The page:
Being self-employed on any level – whether it’s a creative pursuit or not – is often a “feast or famine” proposition…there are long periods of idle anxiety punctuated by frantic scrambles to accommodate everything that comes at you. I’ve had a friend for years who alternates between worrying whether he has enough work in the pipeline to pay his bills and not being able to answer the phone out of fear of distraction because there’s so much work to do.
I’ve almost always had a “day gig” of some sort to relieve those extremes in my own life, although it’s largely been an exercise in self-delusion…just because one has a regular job, it can often create a false sense of security. These days, though, it’s been a blessing – working for the company I work for has given me a lot of freedom to say no to things that I’d otherwise have to do in order to pay the bills.
But then there are months like this November, when it’s just plain hard to say no to the things that came my way.
I had agreed some time back to a show in St. Louis with the Poco next-of-kin, but in pretty short order I found myself with a Boneyard Hounds show the week after that in Philadelphia and was asked to fill a chair up front for one of the “Songwriters and Storytellers” series that I’ve participated in as a sideman in years past…so this year, I’d be participating in the rounds as well as doing my usual “utility” work when the others were playing. A lot of heavy lifting, but – I mean, I couldn’t say no to that…any more than I could say no to a Dan May show in Sandusky at the Maritime Museum on the 6th, before the real roadwork kicked in.
All of this meant a weekend trip to the Great Lakes region of Ohio, coming back to Nashville to work for part of a week before heading north for that run of four shows, then back to Nashville in time to leave for the St. Louis show with the band, then coming home in time to leave for Philadelphia again – but mileage has never been a deterrent for me. If you’ve been reading these missives for a while, you already know this.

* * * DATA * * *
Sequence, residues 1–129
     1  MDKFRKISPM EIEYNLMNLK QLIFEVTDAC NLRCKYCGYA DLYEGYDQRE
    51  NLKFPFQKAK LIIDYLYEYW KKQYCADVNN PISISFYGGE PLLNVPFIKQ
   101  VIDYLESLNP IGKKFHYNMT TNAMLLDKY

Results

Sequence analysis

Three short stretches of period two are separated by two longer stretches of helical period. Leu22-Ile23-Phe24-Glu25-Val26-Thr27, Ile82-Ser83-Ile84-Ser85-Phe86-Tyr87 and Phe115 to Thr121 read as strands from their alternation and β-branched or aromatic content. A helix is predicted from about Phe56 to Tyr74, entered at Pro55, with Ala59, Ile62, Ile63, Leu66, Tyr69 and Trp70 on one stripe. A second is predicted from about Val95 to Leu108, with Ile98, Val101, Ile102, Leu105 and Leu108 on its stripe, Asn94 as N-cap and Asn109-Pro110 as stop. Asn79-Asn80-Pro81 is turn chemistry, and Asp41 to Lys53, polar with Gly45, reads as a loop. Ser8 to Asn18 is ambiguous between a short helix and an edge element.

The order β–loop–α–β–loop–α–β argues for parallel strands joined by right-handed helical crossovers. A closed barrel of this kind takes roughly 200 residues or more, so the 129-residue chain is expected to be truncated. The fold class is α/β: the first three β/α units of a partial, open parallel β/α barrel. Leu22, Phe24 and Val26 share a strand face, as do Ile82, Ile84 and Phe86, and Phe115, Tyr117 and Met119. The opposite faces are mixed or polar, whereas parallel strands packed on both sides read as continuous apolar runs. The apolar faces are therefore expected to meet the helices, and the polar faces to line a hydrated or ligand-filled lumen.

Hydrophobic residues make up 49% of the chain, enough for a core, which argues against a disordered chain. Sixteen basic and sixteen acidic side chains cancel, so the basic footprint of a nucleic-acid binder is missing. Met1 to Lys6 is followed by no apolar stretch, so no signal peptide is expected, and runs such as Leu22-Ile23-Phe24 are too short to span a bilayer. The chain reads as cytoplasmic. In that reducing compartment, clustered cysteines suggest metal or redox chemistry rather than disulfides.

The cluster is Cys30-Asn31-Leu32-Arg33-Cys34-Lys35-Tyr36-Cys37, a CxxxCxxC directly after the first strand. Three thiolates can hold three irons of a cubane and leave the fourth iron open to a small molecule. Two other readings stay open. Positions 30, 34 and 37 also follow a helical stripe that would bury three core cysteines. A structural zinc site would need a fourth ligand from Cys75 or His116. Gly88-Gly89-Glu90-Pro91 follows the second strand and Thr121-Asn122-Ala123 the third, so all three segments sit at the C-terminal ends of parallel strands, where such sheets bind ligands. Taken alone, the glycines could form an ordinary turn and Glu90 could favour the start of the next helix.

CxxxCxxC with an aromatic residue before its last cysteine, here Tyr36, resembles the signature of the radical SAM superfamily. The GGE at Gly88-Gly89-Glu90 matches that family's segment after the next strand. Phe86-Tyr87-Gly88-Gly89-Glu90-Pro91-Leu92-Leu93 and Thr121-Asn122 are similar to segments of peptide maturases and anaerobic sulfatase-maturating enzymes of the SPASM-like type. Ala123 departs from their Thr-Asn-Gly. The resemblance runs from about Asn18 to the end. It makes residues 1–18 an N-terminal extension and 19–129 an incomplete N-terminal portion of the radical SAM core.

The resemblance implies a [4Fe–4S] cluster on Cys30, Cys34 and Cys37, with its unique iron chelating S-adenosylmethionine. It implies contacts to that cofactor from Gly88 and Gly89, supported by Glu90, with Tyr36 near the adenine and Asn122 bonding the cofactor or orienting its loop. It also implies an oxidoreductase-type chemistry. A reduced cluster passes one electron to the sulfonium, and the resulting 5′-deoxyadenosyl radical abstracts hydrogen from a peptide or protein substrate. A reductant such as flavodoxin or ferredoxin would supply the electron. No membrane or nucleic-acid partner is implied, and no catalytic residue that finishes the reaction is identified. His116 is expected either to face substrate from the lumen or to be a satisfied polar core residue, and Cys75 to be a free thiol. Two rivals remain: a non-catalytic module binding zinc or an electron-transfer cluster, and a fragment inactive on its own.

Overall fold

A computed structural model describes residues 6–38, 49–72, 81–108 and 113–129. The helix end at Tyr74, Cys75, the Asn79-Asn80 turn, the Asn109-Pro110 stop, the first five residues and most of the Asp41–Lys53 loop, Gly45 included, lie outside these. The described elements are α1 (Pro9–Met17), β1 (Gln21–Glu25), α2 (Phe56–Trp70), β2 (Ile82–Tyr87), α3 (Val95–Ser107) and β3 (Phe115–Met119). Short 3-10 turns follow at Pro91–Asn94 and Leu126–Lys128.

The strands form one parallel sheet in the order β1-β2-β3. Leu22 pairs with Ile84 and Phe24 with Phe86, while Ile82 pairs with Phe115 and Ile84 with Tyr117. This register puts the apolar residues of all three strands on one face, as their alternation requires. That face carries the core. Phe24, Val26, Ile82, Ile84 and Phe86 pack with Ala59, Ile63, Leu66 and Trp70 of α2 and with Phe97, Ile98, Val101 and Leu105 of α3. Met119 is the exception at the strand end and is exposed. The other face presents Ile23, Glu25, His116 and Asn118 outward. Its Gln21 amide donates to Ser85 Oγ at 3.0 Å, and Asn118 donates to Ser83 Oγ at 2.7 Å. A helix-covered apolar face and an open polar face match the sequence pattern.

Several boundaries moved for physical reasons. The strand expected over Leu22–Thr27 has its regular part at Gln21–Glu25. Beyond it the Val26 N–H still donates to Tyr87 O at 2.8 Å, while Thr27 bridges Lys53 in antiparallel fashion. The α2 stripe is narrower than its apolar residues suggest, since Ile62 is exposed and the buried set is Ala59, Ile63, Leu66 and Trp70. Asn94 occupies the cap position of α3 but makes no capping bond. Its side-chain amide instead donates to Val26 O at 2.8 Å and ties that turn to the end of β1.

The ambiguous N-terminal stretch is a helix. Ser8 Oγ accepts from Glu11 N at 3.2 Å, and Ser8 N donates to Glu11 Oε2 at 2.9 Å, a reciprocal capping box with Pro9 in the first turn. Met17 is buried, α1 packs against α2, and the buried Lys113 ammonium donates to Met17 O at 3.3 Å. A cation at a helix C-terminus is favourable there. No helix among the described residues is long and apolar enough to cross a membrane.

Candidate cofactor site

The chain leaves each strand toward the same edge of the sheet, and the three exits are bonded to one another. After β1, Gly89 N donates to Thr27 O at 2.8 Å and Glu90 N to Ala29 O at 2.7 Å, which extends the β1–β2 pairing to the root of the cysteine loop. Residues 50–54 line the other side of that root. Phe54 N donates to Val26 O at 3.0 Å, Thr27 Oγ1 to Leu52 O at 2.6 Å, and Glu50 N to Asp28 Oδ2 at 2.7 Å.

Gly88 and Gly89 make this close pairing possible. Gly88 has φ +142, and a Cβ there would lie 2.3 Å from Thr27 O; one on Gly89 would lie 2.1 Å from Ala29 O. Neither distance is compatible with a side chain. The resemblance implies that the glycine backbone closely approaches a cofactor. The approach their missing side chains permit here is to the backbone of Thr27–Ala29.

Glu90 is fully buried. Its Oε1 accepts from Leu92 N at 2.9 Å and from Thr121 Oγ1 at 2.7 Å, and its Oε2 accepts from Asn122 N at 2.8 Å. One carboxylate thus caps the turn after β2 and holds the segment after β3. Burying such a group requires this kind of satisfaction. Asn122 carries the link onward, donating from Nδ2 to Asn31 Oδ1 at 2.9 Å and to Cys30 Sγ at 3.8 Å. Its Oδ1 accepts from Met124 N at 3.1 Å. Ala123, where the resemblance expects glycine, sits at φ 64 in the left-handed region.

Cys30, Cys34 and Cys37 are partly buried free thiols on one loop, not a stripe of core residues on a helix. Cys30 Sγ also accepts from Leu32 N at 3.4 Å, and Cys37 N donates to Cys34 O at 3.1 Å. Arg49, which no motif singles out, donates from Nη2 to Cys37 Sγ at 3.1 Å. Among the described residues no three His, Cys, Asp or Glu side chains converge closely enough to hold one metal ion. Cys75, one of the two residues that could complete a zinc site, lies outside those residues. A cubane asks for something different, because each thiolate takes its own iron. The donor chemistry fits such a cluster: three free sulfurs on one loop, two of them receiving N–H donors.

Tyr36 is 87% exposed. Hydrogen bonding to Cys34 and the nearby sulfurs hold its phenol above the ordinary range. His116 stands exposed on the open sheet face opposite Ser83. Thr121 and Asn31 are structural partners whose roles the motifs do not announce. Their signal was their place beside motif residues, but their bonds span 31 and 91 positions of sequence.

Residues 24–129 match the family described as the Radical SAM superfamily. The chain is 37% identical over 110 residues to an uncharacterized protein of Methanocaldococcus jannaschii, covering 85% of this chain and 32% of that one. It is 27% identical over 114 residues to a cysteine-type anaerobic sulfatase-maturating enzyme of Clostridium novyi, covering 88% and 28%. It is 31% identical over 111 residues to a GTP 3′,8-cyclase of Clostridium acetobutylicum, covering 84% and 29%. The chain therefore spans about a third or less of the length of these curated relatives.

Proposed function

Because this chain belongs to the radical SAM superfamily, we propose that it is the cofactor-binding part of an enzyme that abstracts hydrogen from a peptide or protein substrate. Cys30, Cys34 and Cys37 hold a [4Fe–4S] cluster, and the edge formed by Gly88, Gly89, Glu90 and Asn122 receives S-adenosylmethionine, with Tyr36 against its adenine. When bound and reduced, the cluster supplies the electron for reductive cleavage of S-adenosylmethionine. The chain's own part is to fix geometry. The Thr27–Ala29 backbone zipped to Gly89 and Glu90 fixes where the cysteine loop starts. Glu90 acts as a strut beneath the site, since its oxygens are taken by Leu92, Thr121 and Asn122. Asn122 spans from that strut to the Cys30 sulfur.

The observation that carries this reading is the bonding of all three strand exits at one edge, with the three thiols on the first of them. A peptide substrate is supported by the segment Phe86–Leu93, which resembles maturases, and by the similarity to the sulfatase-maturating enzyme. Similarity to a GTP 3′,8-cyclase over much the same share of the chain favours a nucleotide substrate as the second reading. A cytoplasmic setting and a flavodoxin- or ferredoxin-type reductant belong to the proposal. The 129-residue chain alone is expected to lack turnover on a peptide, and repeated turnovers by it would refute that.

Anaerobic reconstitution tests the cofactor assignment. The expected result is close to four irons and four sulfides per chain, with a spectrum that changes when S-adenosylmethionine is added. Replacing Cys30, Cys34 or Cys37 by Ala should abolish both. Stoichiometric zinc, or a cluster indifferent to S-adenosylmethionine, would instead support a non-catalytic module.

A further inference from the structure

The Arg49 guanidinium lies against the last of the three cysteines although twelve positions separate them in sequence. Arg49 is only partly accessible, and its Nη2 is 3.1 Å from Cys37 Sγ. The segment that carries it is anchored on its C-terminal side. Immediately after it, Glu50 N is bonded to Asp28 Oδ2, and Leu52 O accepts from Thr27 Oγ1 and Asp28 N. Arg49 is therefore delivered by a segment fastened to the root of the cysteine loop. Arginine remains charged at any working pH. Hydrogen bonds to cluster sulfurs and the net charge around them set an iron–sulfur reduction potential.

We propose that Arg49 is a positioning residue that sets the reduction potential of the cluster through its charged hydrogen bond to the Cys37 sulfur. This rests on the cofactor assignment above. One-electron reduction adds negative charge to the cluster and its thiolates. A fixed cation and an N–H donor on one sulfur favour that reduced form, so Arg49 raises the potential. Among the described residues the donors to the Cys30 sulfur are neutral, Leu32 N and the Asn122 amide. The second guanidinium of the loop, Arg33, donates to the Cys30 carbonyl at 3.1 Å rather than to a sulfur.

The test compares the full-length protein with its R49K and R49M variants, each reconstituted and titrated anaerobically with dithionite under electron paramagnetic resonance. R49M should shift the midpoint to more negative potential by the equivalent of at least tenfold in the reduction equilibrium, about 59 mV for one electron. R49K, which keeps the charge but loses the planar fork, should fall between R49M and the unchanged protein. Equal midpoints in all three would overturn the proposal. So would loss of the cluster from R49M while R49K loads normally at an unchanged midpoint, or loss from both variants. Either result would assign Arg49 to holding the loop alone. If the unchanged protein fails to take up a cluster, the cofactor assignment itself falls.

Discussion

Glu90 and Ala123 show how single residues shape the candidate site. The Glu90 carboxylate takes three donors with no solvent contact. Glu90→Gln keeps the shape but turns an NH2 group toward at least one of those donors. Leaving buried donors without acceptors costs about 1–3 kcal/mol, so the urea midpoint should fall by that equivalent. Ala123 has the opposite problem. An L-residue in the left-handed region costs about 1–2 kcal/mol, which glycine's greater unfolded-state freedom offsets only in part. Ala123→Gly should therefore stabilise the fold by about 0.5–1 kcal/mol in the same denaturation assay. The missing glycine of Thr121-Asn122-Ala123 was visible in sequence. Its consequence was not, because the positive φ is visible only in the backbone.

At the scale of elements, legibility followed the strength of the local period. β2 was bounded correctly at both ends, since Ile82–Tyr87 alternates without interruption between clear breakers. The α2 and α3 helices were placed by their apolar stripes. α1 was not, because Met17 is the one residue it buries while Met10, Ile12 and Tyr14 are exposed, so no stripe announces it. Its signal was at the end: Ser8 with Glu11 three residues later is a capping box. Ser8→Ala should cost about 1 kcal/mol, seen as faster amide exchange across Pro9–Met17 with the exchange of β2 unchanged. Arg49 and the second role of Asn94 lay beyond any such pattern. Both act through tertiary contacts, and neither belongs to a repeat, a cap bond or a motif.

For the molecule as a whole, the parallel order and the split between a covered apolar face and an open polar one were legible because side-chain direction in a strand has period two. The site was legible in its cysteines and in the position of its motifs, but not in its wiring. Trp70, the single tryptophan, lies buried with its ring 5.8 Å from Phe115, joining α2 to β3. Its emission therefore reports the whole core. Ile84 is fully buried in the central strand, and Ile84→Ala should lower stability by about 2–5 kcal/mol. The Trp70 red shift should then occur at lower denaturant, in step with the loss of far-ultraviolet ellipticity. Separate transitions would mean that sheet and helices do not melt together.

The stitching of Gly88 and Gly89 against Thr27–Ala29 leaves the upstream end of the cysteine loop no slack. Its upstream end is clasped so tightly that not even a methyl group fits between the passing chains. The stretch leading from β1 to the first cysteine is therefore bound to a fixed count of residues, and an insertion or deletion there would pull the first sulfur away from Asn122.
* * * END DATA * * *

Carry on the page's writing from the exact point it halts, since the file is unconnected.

Just the mileage associated with these runs would add up to a combined total of around 5200 miles.
Sandusky, Ohio is home to me in ways that I can’t really associate with places where I’ve actually lived.
And that’s all Dan May’s fault.
We came to the realization – during this particular show, in fact – that Dan and I have been collaborating for fifteen years. “Musical Years” are much like “Dog Years” in the sense that one of them counts for more than a typical 365 day unit of time in a lot of ways, and Dan has been one of a handful of folks that have made my life richer for having been a part of that particular collaboration…but with Dan, it goes a little deeper. Dan has adopted me and his family has taken me in as one of them, and – well, Dan has a large, extended family in both the accepted biological sense and the broader definition of the word.